Archive for January, 2010


When I was a boy in Philadelphia, I’d watch the weather reports closely for impending snow storms, with school closures, sledding, and snowball fights in mind. Wally Kinnan, the Weatherman, was the local guru. Seemed like every week Wally would prognosticate a storm, and I had my gear in the ready, because Wally seemed rarely to be wrong. Later, moving to New England, where weather was a spectator sport, I followed just as closely. Don Kent was the weather guy there, and he too was a crack weatherman. I even interviewed him for an article for Yankee Magazine in the 70s–a great thrill. Now, in northern California, later in life, I haven’t lost my enthusiasm for a good corker of a storm, and we’ve got a whole series cooking this week and next. Brush Creek is now a torrent, just a few weeks after it was a mere series of puddles, sucked dry by drought. The TV weather ladies and gentlemen out here aren’t nearly as proficient–they get it wrong a lot–but occasionally, like now, they hit a lucky streak, and nail it. Radio’s Mike Pechner is probably the most skilled, with the TV folk trailing woefully behind.

El Nino takes the real credit here. It has no political affiliation, represents no interest groups, has no ulterior motives, and cares not a whit for the effect it has on human beings. El Nino just is, and not subject to the whims or desires of people. May the weather always be uncontrollable and questionably predictable. The only controllable factor is where we build our houses and roads, and drive our vehicles!

A swollen Brush Creek, Santa Rosa CA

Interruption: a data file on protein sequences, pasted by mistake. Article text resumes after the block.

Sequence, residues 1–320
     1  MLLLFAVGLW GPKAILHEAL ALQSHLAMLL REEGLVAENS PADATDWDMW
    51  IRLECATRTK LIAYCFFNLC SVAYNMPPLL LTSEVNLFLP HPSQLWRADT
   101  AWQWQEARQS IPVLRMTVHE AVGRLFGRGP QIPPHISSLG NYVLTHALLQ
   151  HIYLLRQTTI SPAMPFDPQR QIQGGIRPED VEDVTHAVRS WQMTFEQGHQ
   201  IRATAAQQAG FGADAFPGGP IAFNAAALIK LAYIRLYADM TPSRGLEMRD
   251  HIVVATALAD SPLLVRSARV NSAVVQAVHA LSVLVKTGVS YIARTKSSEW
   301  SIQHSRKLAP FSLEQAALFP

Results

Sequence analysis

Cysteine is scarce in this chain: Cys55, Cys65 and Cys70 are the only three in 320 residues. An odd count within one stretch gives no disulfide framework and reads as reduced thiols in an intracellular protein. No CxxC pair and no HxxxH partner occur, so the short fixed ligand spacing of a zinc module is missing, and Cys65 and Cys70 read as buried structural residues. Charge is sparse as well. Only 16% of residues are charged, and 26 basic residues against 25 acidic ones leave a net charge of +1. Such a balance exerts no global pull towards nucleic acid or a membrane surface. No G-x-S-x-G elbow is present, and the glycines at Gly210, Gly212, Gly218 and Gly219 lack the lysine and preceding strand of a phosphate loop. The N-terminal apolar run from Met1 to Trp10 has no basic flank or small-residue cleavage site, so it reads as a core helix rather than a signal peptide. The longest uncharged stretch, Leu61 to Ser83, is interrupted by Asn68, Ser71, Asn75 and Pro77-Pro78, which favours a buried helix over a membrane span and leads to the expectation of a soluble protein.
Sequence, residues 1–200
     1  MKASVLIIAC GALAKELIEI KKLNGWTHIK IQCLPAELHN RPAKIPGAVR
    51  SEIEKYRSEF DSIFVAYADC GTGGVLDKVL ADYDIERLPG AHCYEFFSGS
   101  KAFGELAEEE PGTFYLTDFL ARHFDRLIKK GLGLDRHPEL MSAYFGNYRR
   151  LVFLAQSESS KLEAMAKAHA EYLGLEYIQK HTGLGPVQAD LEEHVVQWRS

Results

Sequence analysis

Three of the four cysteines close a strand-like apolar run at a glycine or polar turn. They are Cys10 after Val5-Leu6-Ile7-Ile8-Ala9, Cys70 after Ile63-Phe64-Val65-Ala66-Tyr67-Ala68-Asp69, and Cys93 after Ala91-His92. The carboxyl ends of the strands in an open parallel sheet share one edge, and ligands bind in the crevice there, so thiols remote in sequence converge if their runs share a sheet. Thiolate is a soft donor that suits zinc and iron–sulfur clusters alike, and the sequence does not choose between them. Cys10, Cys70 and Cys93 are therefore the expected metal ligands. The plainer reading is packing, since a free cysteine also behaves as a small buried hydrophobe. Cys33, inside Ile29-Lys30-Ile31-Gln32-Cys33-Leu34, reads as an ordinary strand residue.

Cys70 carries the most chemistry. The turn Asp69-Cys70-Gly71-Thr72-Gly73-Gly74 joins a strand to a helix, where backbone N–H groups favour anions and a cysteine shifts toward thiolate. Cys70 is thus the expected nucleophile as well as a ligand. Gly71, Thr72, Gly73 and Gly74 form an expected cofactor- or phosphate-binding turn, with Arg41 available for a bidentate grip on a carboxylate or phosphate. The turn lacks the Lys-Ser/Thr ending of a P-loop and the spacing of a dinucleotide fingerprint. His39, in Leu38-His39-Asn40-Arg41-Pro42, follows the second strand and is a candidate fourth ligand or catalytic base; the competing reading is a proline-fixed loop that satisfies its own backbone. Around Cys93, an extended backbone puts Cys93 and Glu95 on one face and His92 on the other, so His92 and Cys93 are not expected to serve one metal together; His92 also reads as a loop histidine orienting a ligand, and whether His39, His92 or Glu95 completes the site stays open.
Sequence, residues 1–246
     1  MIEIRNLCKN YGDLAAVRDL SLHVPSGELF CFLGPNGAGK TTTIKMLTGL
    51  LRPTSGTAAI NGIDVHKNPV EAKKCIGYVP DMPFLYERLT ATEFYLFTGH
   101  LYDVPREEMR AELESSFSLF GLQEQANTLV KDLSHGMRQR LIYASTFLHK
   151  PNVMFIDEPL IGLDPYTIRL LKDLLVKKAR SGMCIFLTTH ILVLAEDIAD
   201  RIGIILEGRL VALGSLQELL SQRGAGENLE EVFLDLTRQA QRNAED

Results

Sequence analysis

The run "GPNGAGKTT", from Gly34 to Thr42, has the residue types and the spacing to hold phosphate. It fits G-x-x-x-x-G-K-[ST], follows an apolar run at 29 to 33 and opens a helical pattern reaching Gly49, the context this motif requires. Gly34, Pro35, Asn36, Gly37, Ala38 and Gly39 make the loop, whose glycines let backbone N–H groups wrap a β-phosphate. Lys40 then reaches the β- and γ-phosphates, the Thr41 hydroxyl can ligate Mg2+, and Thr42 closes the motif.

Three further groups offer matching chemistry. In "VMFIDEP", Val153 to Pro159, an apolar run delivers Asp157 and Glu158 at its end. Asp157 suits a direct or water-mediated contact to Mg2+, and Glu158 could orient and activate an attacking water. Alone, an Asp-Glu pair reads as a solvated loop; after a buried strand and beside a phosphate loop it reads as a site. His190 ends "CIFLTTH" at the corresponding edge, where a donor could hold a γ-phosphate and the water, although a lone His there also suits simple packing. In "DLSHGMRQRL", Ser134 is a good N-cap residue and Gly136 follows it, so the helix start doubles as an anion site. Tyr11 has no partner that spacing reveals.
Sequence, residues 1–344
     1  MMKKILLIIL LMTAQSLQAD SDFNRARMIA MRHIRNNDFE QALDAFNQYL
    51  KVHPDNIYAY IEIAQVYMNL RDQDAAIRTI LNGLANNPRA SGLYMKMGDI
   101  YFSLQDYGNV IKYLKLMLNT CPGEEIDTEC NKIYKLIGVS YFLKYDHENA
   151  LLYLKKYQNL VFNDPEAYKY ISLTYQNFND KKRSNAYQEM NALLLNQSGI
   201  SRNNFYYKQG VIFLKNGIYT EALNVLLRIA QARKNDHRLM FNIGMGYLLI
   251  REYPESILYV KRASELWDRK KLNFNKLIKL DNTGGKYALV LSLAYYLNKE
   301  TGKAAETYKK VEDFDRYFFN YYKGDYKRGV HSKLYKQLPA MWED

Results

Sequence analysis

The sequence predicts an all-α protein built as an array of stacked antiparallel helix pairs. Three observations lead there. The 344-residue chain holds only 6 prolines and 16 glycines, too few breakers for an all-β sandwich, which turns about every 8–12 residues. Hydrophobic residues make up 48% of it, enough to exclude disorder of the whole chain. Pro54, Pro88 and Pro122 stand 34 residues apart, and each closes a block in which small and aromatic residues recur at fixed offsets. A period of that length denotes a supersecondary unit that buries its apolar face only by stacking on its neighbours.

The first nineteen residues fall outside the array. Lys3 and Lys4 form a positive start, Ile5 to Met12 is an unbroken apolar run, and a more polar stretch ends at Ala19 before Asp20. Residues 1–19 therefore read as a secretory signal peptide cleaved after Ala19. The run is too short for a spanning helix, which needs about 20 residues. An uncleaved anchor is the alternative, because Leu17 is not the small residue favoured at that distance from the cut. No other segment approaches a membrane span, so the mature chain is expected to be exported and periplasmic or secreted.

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Amazing what a good, juicy rainstorm can do for a creek in northern California. Just the other day, the water was still and stagnant, uninspiring, murky, unworthy of a “wild” moniker. But yesterday, after a couple of days of soakers, the creek has come alive with white water dancing over rocks like Balanchine dancers. Walking the path next to the creek, I am drenched with rain: shoes, coat, hat, gloves. I was not particularly prepared. But must I always be? Can’t I go out like Muir and let the elements have me as they will? What is wrong with being fully wet? For once you reach that saturation point, you can’t get any wetter than wet. I began to see that and started to relax with the wetness. This heightened my enjoyment of the rushing creek and its wild, brown water seemingly impatient to reach Santa Rosa Creek and the expansive Laguna de Santa Rosa several miles to the west.

More rain is forecast for the rest of this week and into the next. And as Brush Creek comes ever more alive, so do I.

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